Michael Ventris
'The work he did lives, and his name will be remembered so long as the ancient Greek language and civilization are studied'
John Chadwick

Just a few months before she died, Alice Kober received a letter from Michael Ventris, an English architect who had been fascinated by Linear B ever since he was a child. Ventris was born on July 12, 1922, the son of an English Army officer and his half-Polish wife. His mother was largely responsible for encouraging an interest in archaeology, regularly escorting him to the British Museum where he could marvel at the wonders of the ancient world. Michael was a bright child, with an especially prodigious talent for languages. When he began his schooling he went to Gstaad in Switzerland, and became fluent in French and German. Then, at the age of six, he taught himself Polish.

Like Jean-Francois Champollion, Ventris developed an early love of ancient scripts. At the age of seven he studied a book on Egyptian hieroglyphics, an impressive achievement for one so young, particularly as the book was written in German. This interest in the writings of ancient civilizations continued throughout his childhood. In 1936, at the age of fourteen, it was further ignited when he attended a lecture given by Sir Arthur Evans, the discoverer of Linear B. The young Ventris learned about the Minoan civilization and the mystery of Linear B, and promised himself that he would decipher the script.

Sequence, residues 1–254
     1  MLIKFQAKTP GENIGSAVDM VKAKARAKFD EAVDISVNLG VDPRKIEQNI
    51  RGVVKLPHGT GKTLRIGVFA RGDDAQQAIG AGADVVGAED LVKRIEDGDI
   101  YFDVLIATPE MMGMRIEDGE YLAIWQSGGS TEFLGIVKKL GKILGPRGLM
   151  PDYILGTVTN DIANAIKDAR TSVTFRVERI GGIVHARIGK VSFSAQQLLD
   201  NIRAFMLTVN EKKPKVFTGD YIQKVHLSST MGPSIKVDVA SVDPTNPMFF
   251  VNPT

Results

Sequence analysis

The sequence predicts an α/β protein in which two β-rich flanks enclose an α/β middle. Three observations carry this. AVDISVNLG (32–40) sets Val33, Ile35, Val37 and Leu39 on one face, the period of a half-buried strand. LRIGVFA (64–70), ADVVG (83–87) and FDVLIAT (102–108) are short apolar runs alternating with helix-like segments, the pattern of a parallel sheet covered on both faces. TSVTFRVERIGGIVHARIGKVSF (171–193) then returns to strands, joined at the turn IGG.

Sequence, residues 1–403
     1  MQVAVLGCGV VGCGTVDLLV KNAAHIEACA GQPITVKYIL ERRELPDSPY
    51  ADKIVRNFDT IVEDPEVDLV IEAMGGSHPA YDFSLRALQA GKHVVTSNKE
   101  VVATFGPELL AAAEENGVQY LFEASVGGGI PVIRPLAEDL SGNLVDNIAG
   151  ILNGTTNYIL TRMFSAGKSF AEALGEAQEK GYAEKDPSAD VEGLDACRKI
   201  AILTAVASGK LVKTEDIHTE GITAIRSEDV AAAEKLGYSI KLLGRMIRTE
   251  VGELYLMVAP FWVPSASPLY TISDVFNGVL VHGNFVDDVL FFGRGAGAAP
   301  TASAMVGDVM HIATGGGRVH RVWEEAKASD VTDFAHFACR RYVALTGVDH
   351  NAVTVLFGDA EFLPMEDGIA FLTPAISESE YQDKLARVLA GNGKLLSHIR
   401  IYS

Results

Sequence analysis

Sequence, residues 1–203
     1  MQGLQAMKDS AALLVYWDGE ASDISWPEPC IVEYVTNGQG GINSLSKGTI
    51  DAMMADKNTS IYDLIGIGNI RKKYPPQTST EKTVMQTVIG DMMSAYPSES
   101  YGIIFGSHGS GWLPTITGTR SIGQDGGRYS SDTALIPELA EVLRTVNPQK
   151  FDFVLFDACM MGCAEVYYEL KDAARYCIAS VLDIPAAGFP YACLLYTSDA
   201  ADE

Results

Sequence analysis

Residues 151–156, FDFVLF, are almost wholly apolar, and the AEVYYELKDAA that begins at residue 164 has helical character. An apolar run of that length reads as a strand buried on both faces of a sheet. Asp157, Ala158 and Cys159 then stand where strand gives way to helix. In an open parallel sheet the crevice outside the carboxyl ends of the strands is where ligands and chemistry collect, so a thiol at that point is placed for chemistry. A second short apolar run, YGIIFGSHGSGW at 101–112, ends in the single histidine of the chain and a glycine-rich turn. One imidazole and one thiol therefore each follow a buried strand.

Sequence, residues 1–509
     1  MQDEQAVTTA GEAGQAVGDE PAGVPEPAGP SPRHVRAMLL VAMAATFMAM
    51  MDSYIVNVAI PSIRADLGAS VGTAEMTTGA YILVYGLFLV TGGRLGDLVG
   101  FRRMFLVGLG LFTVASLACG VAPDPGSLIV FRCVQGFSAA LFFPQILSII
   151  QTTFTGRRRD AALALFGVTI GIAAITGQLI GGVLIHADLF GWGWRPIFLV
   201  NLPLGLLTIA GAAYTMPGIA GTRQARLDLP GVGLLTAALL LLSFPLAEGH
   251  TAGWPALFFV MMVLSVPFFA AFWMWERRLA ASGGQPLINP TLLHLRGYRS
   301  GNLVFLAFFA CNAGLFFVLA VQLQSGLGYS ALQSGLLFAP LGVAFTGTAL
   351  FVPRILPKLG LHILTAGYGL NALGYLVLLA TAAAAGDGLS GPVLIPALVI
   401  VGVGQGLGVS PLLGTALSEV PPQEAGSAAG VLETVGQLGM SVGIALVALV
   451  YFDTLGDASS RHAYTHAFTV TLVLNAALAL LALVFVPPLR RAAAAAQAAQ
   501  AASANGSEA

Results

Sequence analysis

His own belief was that Linear B was related to Etruscan, a reasonable standpoint because there was evidence that the Etruscans had come from the Aegean before settling in Italy. After years of intense study, he noticed something peculiar-something that seemed to suggest an exception to the rule that all Linear B signs are syllables. He also that noticed three words that appeared over and over again on and based on nothing more than intuition, he conjectured that these words might be the names of important towns. The only significant name that fitted the bill was Amnisos, an important harbor town. If he was right, then the second and third signs, 73 and 30, would represent -mi-and -ni-. These two syllables both contain the same vowel, i, so numbers 73 and 30 ought to appear in the same vowel column of the grid. They do. The final sign, 12, would represent -so-, leaving nothing to represent the final s. Ventris decided to ignore the problem of the missing final s for the time being, and proceeded with the following working translation: